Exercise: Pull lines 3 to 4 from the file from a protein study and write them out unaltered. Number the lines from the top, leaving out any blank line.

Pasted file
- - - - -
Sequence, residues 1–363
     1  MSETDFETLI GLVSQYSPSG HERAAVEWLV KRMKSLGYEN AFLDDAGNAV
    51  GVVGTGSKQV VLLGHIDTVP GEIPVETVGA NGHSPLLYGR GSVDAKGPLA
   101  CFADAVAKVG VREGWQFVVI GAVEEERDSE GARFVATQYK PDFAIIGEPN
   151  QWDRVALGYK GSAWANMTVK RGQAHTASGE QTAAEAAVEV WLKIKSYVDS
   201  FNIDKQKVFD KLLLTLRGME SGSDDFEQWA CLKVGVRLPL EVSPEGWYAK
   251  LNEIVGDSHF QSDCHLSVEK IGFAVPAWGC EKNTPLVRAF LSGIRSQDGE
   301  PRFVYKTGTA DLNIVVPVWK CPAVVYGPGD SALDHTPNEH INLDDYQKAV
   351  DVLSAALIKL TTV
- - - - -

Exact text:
    51  GVVGTGSKQV VLLGHIDTVP GEIPVETVGA NGHSPLLYGR GSVDAKGPLA
   101  CFADAVAKVG VREGWQFVVI GAVEEERDSE GARFVATQYK PDFAIIGEPN